Chromosomal rearrangements and copy number abnormalities of TP63 correlate with p63 protein expression in lung adenocarcinoma

Marie Christine Aubry, Anja Roden, Stephen J. Murphy, George Vasmatzis, Sarah H. Johnson, Faye R. Harris, Geoffrey Halling, Ryan A. Knudson, Rhett P. Ketterling, Andrew L. Feldman

Research output: Contribution to journalArticlepeer-review

9 Scopus citations


The TP63 gene encodes a member of the p53 family of transcription factors. Although TP53 is a well-known tumor suppressor gene, the role of p63 in tumorigenesis is controversial. Our group recently identified novel chromosomal rearrangements involving TP63 in approximately 6% of peripheral T-cell lymphomas, which correlated with a p63+/p40- immunohistochemical profile. As a subset of lung adenocarcinomas are p63+/p40-, we undertook the current study to examine the presence of TP63 rearrangements and correlate with p63/p40 expression. Next-generation sequencing was used to identify genomic rearrangements of TP63 in 37 adenocarcinomas. Confirmatory fluorescence in-situ hybridization (FISH) using a break-apart probe to the TP63 gene region and immunohistochemistry for p63 and p40 were performed on adenocarcinomas with TP63 rearrangements identified by mate-pair sequencing. Immunohistochemistry for p63 and p40 was performed on 45 additional adenocarcinomas, and FISH was performed on all adenocarcinomas with p63 positivity. TP63 rearrangement was identified in two adenocarcinoma specimens from a single patient. The rearrangement resulted in a complex rearrangement of 3q that fused B3GALNT1 at the 3′ intron to TP63. FISH confirmed the rearrangement in both tumors. Immunohistochemistry staining for p63 was diffuse (>80% cells+) and p40 was negative. Of the 44 additional adenocarcinomas, 13 (30%) showed p63 expression; p40 was negative in all cases. No case showed rearrangement of TP63 by a break-apart FISH. However, extra copies of the intact TP63 locus were seen in the p63-positive areas of all 12 cases, with copy numbers ranging from three to seven. We have identified a novel chromosomal rearrangement involving TP63 in a p63+/p40- lung adenocarcinoma. Break-apart FISH testing can be used to diagnose this finding. Immunohistochemistry for p63 was not specific for this rearrangement, as nearly 33% of adenocarcinomas expressed p63. Additional copies of the intact TP63 locus were also a common finding and correlated with immunohistochemistry positivity for p63.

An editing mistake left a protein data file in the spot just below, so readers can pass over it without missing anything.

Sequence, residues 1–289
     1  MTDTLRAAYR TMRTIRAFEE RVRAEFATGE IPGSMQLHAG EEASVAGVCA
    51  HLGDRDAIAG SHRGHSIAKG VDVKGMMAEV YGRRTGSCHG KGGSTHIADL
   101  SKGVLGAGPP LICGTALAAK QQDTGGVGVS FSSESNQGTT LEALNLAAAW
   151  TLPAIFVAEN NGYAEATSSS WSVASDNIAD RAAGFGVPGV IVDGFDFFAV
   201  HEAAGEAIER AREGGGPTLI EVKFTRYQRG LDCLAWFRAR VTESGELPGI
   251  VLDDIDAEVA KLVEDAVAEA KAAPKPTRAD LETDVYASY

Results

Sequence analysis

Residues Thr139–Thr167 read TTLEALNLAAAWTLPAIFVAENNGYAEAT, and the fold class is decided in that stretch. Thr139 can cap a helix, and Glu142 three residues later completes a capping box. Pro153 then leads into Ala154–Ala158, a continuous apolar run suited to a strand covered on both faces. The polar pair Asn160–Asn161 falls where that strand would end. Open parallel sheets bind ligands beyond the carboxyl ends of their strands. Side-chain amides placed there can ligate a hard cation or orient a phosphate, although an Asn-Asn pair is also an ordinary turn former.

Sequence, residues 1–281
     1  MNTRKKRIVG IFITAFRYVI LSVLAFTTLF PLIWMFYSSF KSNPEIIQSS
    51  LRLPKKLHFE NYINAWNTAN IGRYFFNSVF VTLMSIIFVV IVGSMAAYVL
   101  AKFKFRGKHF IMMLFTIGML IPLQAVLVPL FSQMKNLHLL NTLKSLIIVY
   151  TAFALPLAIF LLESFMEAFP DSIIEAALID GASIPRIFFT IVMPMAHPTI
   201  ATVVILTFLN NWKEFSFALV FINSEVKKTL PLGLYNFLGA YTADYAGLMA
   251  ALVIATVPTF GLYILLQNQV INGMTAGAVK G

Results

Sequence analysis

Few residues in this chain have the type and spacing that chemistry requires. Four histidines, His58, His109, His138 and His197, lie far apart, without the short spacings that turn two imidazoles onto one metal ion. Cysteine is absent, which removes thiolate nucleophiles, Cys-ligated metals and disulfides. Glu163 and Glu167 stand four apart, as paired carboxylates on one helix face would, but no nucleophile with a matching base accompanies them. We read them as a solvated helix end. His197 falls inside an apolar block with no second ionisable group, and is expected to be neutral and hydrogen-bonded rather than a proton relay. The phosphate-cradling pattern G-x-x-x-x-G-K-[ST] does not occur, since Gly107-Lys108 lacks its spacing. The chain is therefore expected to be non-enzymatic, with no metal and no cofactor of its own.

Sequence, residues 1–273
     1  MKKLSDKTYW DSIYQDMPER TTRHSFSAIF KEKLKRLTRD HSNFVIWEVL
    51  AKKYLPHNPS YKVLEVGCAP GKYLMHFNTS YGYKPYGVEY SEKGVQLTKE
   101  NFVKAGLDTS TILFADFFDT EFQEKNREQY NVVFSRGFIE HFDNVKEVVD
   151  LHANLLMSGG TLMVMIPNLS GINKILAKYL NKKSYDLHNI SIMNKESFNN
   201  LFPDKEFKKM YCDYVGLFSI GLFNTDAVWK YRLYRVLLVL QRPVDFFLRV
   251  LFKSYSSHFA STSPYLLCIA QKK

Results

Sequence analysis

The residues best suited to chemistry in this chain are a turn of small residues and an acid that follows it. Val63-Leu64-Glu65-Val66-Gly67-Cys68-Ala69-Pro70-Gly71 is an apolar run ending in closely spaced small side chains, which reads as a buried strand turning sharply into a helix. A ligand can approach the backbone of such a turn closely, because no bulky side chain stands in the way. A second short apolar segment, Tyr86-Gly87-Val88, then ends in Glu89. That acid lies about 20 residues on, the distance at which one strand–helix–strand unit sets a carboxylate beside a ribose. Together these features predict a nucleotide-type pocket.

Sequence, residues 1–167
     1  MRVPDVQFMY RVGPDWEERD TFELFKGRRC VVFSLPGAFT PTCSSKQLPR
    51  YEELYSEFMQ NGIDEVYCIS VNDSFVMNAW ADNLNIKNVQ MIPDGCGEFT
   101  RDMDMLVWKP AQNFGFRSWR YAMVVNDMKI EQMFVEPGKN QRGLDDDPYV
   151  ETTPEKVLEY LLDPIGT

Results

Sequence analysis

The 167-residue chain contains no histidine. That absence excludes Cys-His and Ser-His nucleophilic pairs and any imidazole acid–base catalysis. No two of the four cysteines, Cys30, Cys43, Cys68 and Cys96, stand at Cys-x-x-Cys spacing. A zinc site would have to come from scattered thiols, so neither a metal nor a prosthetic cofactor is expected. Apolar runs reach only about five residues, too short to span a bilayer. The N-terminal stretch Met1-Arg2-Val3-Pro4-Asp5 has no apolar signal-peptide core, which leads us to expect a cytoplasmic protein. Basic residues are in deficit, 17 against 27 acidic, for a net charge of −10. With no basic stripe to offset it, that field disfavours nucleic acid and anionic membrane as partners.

Original languageEnglish (US)
Pages (from-to)359-366
Number of pages8
JournalModern Pathology
Issue number3
StatePublished - Mar 1 2015

ASJC Scopus subject areas

  • Pathology and Forensic Medicine


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